History of the PC
Nothing epitomizes modern life better than the computer. For better or worse, computers have infiltrated every aspect of our society. Today computers do much more than simply compute: supermarket scanners calculate our grocery bill while keeping store inventory; computerized telephone switching centers play traffic cop to millions of calls and keep lines of communication untangled; and automatic teller machines (ATM) let us conduct banking transactions from virtually anywhere in the world. But where did all this technology come from and where is it heading? To fully understand the impact computers have on our lives and promises they hold for the future, it is important to understand the personal computer.
The personal computer also known as the PC has evolved over the past several years into something that is now a part of every day life. Personal computers were not always like this though; they have made a great deal of significant changes that have allowed them to become as important as they are now. Before these improvements were made, the personal computer was not found in almost every single home across the world as they are today. Not only has the personal computer positively affected the business world, but also serves as a means of entertainment. It's amazing what use to be someone's dream is now a major tool that everyday life evolves around. There are many different companies that make personal computers today, but I would like to focus on Apple, Macintosh and IBM, because it seems that it was these companies that started the personal computer's launch into it's present day use.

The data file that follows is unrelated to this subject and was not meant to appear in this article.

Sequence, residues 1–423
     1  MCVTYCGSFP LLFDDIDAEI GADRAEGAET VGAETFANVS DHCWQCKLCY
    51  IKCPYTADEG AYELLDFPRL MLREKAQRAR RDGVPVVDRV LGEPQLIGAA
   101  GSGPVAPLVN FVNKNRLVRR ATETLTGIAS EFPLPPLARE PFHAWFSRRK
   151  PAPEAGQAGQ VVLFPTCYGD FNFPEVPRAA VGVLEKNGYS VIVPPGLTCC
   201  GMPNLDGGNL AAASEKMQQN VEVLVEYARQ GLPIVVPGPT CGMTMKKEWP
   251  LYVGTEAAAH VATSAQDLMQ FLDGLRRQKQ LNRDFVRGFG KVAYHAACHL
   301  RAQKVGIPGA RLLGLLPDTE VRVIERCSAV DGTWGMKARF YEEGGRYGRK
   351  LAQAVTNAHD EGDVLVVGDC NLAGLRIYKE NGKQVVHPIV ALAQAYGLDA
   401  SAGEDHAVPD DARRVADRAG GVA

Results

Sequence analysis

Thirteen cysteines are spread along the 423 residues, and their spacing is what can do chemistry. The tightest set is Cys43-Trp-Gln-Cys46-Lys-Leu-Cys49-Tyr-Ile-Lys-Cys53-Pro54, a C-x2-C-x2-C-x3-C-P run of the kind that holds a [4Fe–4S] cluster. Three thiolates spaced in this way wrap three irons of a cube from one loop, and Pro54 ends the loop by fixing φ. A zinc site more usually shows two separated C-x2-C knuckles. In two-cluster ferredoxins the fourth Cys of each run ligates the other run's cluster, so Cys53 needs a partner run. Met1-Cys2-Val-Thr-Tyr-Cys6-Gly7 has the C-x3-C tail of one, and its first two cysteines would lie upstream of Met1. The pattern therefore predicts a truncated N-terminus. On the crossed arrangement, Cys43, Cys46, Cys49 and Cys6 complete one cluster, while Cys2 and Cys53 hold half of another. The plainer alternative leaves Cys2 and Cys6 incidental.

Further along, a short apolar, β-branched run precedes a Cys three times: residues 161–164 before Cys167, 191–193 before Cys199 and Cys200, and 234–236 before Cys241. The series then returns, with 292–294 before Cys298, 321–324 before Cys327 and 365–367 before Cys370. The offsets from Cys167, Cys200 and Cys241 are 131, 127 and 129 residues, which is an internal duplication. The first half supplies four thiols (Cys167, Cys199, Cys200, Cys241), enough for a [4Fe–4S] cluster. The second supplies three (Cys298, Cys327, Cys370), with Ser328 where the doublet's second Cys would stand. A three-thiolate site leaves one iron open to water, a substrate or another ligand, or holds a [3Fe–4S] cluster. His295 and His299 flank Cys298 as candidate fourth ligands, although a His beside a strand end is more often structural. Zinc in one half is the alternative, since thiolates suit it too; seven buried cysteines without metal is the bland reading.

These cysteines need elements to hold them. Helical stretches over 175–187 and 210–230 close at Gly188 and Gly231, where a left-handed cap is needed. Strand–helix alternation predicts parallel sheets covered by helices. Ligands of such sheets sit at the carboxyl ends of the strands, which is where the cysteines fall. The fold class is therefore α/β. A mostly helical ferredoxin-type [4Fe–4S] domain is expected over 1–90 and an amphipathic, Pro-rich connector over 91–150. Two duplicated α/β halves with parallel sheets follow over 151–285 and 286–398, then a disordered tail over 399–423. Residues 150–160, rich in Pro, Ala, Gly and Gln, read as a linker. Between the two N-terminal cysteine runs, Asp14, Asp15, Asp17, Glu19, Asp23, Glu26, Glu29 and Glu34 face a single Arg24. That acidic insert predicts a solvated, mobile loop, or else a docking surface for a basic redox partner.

Steven Wozniak and Steven Jobs, who were interested in electronics, were very good friends in high school. Staying in contact after high school both ended up dropping out of college and getting jobs for companies in the Silicon Valley. Wozniak worked for Hewlett-Packard, while Jobs worked for Atari Company. Wozniak had been working in computer design for a while when, in 1976, he designed what would become the Apple 1. This was Wozniak's first contribution to the personal computer. The Apple 1 was built in printed circuit board form when Jobs insisted it could be sold. In April of 1976 at the Homebrew Computer Club In Palo Alto, the Apple 1 made its debut, but few people took it very seriously. The Apple 1 was based on the MOStek 6502 chip, whereas most other kit computers were built from the Intel 8080 (Apple 1). The Apple 1 was not very successful in 1976. It was sold through small retailers and only included the circuit board. A tape-interface was sold separately, but you had to build your own case for the Apple 1. The circuit board itself initially cost $667.
It wasn't until 1977, when the Apple II debuted that Apple begun to take off. The Apple II was based on Wozniak's Apple I design, but had several additions. The first improvement was a plastic case; this made the Apple II the first PC to come in any kind of casing....